Canadian scientists develop luminous DNA “nanoantennas”

(ORDO NEWS) — DNA synthesis technologies have been known for several decades. They make it possible to obtain short molecules with the desired nucleotide sequence, using them as tools of genetics, biochemistry, and even to create ” molecular machines “.

For such construction, DNA is extremely convenient: it is a linear, stable and versatile polymer, the properties of which are easily controllable, since they depend on the sequence of simple monomer blocks. It was DNA that became the basis of the new fluorescent system, which is described in an article published in the journal Nature Methods .

Fluorescence serves as a convenient tool for biomedical research and technology. However, fluorescent pigments do not bind well to proteins. To solve this problem, scientists at the University of Montreal, Canada, turned to small synthetic DNA strands.

Such molecules, only a few nanometers long, are capable, on the one hand, of retaining the pigment, and on the other hand, they bind with high precision to one or another part of the protein. Thanks to this, “nanoantennas” allow tracking the work and the corresponding structural changes in the protein.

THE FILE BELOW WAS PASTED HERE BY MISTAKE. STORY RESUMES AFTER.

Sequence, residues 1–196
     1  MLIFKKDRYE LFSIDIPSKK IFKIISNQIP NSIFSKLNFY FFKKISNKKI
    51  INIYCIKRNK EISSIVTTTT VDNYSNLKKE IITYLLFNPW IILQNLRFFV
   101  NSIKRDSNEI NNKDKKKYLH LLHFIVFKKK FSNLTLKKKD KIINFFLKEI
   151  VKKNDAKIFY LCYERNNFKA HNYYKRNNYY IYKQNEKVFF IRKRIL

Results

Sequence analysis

“Just as bi-directional radio allows radio waves to be received and transmitted, a fluorescent nanoantenna senses light of one color at one wavelength and transmits at another, depending on the state of the protein to which it is associated,” explains Alexis Vallée -Bélisle), lead author of the new work.

For example, some “nanoantennas” bind to a protein in the original conformation, “signaling” this with their color, while others – with a protein in an active form, demonstrating a different shade that is easily distinguishable under a microscope.

Also, scientists have developed a method for selecting the optimal sequence of nucleotides for DNA “nanoantennas”, suitable for different protein structures. Demonstrating the capabilities of the new system, with its help, they tracked the work of one of the most important enzymes of living cells – alkaline phosphatase – by tracing its transition between five conformational states.

Scientists were able to register even a short-lived transitional form in which the protein is bound to the initial substrate of the catalyzed reaction. In addition, nanoantennas have been demonstrated for the immunoglobulin binding protein G.

“What is most inspiring is the understanding that many laboratories around the world, equipped with a conventional spectrofluorimeter, can easily use such ‘nanoantennas’ to study the required proteins, to search for new drugs and to develop new nanotechnologies,” sums up Dominic Lauzon, one of the authors of the work.

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